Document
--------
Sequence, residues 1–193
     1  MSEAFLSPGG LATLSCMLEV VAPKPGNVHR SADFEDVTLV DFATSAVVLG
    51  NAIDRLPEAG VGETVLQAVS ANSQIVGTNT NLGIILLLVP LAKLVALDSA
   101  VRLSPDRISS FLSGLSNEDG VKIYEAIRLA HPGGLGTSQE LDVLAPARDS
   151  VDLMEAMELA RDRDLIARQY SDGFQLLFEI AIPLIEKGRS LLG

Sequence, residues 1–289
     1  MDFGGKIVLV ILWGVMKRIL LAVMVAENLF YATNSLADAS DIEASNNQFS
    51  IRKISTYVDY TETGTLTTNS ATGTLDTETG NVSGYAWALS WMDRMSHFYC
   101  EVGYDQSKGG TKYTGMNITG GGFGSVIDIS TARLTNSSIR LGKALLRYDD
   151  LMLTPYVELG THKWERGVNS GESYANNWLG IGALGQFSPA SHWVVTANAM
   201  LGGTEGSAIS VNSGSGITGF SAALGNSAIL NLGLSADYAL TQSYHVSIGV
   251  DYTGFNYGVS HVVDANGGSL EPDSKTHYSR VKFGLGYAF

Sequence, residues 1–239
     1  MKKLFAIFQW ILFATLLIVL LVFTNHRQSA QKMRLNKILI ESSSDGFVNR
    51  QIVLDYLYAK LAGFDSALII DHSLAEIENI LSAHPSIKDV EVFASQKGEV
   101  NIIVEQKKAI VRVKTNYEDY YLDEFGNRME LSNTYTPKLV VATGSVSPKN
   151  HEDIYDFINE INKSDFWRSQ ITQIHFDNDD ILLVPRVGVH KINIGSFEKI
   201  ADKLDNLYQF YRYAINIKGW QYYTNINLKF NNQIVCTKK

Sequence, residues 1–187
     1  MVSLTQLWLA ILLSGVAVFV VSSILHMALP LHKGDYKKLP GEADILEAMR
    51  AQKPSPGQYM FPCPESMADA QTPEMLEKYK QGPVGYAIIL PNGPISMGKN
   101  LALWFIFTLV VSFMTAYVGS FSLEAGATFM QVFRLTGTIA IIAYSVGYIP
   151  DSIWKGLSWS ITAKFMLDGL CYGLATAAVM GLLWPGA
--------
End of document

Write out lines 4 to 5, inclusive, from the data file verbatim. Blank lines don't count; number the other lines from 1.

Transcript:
   101  VRLSPDRISS FLSGLSNEDG VKIYEAIRLA HPGGLGTSQE LDVLAPARDS
   151  VDLMEAMELA RDRDLIARQY SDGFQLLFEI AIPLIEKGRS LLG